♦ Conclusions: In diabetic patients, morphologic changes of the peritoneum are marked at the start of PD.
PMCID: PMC3598107  PMID: 22942267
Morphologic change; diabetes; vascular density
4.  Budget impact analysis of chronic kidney disease mass screening test in Japan 
Our recently published cost-effectiveness study on chronic kidney disease mass screening test in Japan evaluated the use of dipstick test, serum creatinine (Cr) assay or both in specific health checkup (SHC). Mandating the use of serum Cr assay additionally, or the continuation of current policy mandating dipstick test only was found cost-effective. This study aims to examine the affordability of previously suggested reforms.
Budget impact analysis was conducted assuming the economic model would be good for 15 years and applying a population projection. Costs expended by social insurers without discounting were counted as budgets.
Annual budget impacts of mass screening compared with do-nothing scenario were calculated as ¥79–¥−1,067 million for dipstick test only, ¥2,505–¥9,235 million for serum Cr assay only and ¥2,517–¥9,251 million for the use of both during a 15-year period. Annual budget impacts associated with the reforms were calculated as ¥975–¥4,129 million for mandating serum Cr assay in addition to the currently used mandatory dipstick test, and ¥963–¥4,113 million for mandating serum Cr assay only and abandoning dipstick test.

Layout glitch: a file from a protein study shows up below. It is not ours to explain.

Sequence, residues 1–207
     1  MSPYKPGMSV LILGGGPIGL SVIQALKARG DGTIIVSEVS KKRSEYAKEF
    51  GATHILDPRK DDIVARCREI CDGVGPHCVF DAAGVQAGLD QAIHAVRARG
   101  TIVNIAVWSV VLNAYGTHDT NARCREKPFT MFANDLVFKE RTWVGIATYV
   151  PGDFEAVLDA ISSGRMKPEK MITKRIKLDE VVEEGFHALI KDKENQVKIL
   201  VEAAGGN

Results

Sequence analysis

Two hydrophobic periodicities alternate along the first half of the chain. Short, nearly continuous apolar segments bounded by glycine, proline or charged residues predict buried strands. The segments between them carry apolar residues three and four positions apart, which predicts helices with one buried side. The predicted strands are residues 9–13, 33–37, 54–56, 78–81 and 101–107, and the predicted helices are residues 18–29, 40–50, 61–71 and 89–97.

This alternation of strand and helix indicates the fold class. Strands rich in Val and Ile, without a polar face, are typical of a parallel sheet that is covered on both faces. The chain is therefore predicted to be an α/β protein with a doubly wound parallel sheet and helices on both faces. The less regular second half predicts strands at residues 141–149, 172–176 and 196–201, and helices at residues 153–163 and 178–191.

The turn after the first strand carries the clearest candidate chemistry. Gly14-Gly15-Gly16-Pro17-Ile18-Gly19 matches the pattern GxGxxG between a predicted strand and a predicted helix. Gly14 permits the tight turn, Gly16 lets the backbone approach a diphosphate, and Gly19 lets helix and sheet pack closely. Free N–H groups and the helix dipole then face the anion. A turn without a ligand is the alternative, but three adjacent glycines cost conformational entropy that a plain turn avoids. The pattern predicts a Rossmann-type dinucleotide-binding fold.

Estimated values associated with the reform from ¥963–¥4,129 million per year over 15 years are considerable amounts of money under limited resources. The most impressive finding of this study is the decreasing additional expenditures in dipstick test only scenario. This suggests that current policy which mandates dipstick test only would contain medical care expenditure.
PMCID: PMC4271136  PMID: 24515308
CKD; Budget impact; Dipstick test; Mass screening; Proteinuria; Serum creatinine assay
5.  Xanthine oxidoreductase depletion induces renal interstitial fibrosis through aberrant lipid and purine accumulation in renal tubules 
Hypertension  2009;54(4):868-876.